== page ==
It's going to rain.
Any minute now, the skies are going to open up and just dump down rain.
This is no good, because – like every Sunday summer morning, I'm on the backyard patio with the laptop and my trusty black lab Suzy laying at my feet , sitting by the pool as I try to write something of meaning to post here on Head Stuffing.
So I'm feeling the pressure to produce.
What really stinks is the fact that I spent all day yesterday busting my butt doing all the yard work I promised I would do over my week vacation last week, but – as usual – procrastinated.
I'm a great procrastinator when it comes to doing house and yard work. Just ask my lovely wife Darlene. She'll tell you it's true.
Boy will she tell you.
She sure tells me.
"You promised you were going to cut the grass and weed the flower beds and trim the edges with the weed whip, and you were going to pull those little weeds from the front yard lawn and spray that ant killer that's now illegal in Canada to kill all those little ant hills!"
So that's what I spent all day yesterday doing – in thirty degree Celsius (ninety something in Fahrenheit) heat in the bright sun, on my hands and knees crawling across the front lawn pulling these tiny little weeds and these little yellow flowered vines from the front yard with my hands.
And I'm too old for that crap.
Then I cut the grass, and trimmed the edges with my new electric weed whip I bought in early May. Its maiden voyage was successful, although I now have a three inch gash across the top of my foot.
You shouldn't weed whip while wearing flip-flops.
Then I took out the sprinkler in the early evening – coincidentally about the same time I finished doing the yard work – and soaked every corner of the yard – including the gardens at the side of the house and around the arbor.
The place looks great.
I think I just felt a drop of rain.
I was hurrying because we were expecting company to come – old friends from Amherstburg that we hadn't seen in six years. But they didn't come.
I even put the tiki-torches around the patio deck and filled them with citronella oil so they could burn as we sat out last night after we barbequed.
That was nice.
I was really hoping to enjoy the day out in the back yard, but now the weather is calling for rain. And I haven't even gotten to putting out the solar lights we bought in March - when they were on sale – around the gardens. They would look great.
I can smell the rain coming in the breeze.
But it's a nice breeze. A nice cool thread of air running through the middle of the warmer air. The kind of breeze that made me want to move to Canada from Louisiana one summer twenty four years ago. If you've ever been to Louisiana in the summer – and felt that squelching heat and humidity – the kind that hits you like a wall of water as you walk through the door to the outside – you would know why this breeze inspired me to move back home to Canada.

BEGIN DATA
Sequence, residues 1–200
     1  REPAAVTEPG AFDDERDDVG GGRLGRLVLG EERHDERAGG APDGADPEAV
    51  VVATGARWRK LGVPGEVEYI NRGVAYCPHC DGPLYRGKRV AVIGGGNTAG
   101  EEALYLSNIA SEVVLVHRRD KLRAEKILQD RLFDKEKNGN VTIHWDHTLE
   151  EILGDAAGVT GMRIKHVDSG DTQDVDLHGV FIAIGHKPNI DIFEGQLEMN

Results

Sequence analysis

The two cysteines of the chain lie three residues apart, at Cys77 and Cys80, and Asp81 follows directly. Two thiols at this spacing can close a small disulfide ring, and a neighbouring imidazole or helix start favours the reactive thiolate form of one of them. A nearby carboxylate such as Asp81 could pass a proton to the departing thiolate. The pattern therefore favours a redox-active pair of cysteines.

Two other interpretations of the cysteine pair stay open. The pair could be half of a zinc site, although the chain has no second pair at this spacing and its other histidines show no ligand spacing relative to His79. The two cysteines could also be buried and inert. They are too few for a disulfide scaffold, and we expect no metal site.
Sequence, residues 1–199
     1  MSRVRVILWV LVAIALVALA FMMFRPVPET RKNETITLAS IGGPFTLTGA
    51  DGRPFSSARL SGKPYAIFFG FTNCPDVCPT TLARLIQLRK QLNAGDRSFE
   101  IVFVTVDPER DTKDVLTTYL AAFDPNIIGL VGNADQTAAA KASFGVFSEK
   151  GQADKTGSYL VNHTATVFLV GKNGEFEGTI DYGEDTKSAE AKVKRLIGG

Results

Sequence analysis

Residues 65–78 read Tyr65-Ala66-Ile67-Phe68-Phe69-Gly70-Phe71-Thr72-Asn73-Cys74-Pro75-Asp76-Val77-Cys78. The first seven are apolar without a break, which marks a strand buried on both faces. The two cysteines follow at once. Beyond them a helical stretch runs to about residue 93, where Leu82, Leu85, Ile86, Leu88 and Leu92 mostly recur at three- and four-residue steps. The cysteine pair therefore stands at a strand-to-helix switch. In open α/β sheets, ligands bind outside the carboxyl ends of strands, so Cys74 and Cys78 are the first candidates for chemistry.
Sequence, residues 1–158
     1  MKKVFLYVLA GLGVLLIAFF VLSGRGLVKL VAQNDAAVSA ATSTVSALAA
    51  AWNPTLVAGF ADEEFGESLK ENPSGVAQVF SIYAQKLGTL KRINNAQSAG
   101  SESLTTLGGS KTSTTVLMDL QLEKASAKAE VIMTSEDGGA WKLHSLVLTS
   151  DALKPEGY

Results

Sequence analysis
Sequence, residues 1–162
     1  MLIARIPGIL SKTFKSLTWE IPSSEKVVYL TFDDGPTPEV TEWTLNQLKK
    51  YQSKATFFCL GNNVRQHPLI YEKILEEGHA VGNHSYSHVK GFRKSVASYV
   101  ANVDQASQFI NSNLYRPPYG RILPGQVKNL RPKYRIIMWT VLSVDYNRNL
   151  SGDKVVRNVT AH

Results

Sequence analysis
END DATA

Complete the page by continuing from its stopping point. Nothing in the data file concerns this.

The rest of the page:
But I didn't factor in the fact that Canada has winter. And I'm not a winter person.
I probably should have thought that out a bit better.
But if I had done things differently, I wouldn't have met my lovely wife Darlene, and we wouldn't have had my two beautiful little girls – who I am ready to send to a military boarding school – nor would my faithful black lab Suzy be lying here at my feet.
Funny how the sunlight shone through as I was typing that last paragraph.
But now the winds are picking up, and the umbrella on the patio table is starting to blow a bit in the wind. The water on the top of the pool is starting to move in strong rippled waves.
It's a coming boy. We had better batten down the hatches.
No, it stopped. It's calm out now, and the breeze is gentle again.
I can hear the horns of the barges and freighters on the Detroit River – only a couple of blocks from the house – bellowing messages to each other like "You're in my lane – get out of the way", or "Hey, it's going to storm, you better get ready", or "hey, did you hear the Tigers got the snot kicked out of them last night by those rotten Houston Astros?"
But now the sun has come out again. The breeze has calmed. And my youngest daughter Ashley-Rae just came outside in her bathing suit with a towel asking me to spray sun-block on her.
Quite often storms miss us here. It's like they change direction to ride the Detroit river south to Lake Erie or north to Lake St. Claire. The storm systems just go around us. Maybe they will today too.
It would be great to have a job as a meteorologist – a weather man – where you can be wrong more than fifty percent of the time and keep your job.
"Hey, it's weather, who knows what it's going to do?".
Yesterday I saw on the news that they just shot up a new weather satellite into orbit. One that they claim will be able to provide more accurate data to allow meteorologists to make more accurate predictions.
But I bet they will still get it wrong at least fifty-percent of the time.
I don't have any friends that are meteorologists – but if I did, I wonder what they would say when they show up at the golf course for our 10:30 tee time and it starts to rain? "Hey, it's weather, who knows what it's going to do?".
The breeze is starting to pick up again and the leaves on the big Chinese Maple tree next door – the kind that throw those little helicopter like seeds all over my yard every May – are turned over showing their bottom sides.
They say that's a definite indicator that it will rain.
But at least I was able to get this writing done.
For what it's worth – I feel a lot better now that I got my frustrations with meteorologists off my chest.
But I still don't know if it's going to rain or not.
From my back yard patio, I can see the western sky. The wind is coming from the west, and the clouds on the horizon move over my head. But now, behind this wave of clouds is clear blue sky – clear to the horizon.
Maybe it's not going to rain after all?
"Hey, it's weather, who knows what it's going to do?".